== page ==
Kenssie is a demon who feeds from secrets. Lately pickings have been slim, and she has grown so weak that her shield of invisibility is slipping. As the servant of a demon who eats embarrassment she already feels like she’s the laughing stock of the demonic world. But the scorn of someone who thinks that Hawaiian shirts are the height of cool is the least of her worries.
A powerful fear demon is dead set on making her his slave, a position that carries seriously short life expectancy.
She has no friends.
Her only hope of escaping a life of terror lies in stealing a grimoire she’s never seen from the clutches of a vindictive group of master demons.
Today, I’m thrilled to have Ros Jackson on my blog for an interview! She is going to talk a little about herself as well as her newly released novella, The Secret Eater.
1. When did you first start writing? What made you want to be a writer?
I’ve always enjoyed making things up. I can’t imagine being stuck with the present day, and world we have, and that’s it. Rosemary Sutcliff, Lewis Carroll, Tolkien, and many other authors provided the gateway drug, of course. I’m also almost indecently nosy about other people, and what makes them tick. So spending time trying to see the world through someone else’s eyes, and working out those motivations and insecurities, is my idea of heaven.
2. What inspired you to write The Secret Eater?
Initially, Kenssie was just an image I created when I was playing about with Poser some years ago. For several years that’s all she was. I find it much easier to write about a character when I have a clear image of them to work with, so one day I took a closer look at her and asked myself, “what’s her story?” It grew from there.
3. Is The Secret Eater going to be part of a series?
It’s a stand-alone prequel to either one or two novels. There’s more of Kenssie’s story to tell, but I have no plans to continue beyond that point, however. I’m not a huge fan of series that string readers along for book after book without coming to a satisfying conclusion.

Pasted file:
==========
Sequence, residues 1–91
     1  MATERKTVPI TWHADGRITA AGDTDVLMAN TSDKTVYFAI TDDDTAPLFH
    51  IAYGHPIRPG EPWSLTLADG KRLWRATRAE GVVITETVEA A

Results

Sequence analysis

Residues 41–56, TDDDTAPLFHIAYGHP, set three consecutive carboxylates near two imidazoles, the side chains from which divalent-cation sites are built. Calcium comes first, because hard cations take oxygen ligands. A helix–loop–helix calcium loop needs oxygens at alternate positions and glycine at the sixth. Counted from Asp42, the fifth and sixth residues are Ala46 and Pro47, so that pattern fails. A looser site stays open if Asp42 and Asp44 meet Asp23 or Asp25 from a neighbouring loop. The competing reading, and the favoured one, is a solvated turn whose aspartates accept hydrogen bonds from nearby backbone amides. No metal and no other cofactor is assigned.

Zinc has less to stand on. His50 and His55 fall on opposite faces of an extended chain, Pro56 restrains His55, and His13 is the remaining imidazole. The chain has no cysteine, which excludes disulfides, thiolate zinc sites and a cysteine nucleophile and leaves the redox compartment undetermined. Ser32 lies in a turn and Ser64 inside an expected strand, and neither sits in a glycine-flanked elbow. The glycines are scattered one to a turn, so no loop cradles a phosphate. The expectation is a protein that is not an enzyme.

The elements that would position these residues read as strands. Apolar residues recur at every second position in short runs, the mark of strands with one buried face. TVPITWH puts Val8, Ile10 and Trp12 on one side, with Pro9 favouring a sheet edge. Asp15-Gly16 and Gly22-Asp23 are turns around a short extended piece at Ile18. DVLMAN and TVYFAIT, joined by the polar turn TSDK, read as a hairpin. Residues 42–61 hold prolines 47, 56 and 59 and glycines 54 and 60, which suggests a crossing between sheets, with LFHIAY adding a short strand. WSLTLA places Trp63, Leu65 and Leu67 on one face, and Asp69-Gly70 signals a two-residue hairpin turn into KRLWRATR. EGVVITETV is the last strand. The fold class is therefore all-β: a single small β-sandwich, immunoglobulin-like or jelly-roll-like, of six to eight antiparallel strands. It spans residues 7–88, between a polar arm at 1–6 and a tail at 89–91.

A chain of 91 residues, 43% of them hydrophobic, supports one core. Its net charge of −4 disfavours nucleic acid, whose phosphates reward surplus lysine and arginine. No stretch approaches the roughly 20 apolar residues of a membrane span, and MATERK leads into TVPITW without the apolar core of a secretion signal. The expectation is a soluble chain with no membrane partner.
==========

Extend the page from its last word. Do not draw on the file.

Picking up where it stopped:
4. If you must summarize The Secret Eater in one sentence, what would you share with the audience?
Even a lowly demoness of secrets can only take so much humiliation.
5. Which of the characters of The Secret Eater is your favourite? Why?
Kenssie, because she’s full of bluster, to the extent that she almost comes across as cocky. But she’ll go and do something when deep down she knows she hasn’t got an ice cream in a barbecue’s hope of succeeding, because she’s too proud to back down, and at least a little bit delusional about her own capabilities. So she behaves in ways most of us just wish we could.
6. Did you listen to music while you wrote The Secret Eater? And if so, what music was on your playlist?
I need complete silence to write. I’m in a pop choir, and I find it difficult to listen to anything with lyrics without belting it out at full volume. It’s very hard to do that and write at the same time, as you might imagine. Especially when you add in the jazz hands and gyrations.
7. Tell us one thing about The Secret Eater that kind of surprised you as you were writing it.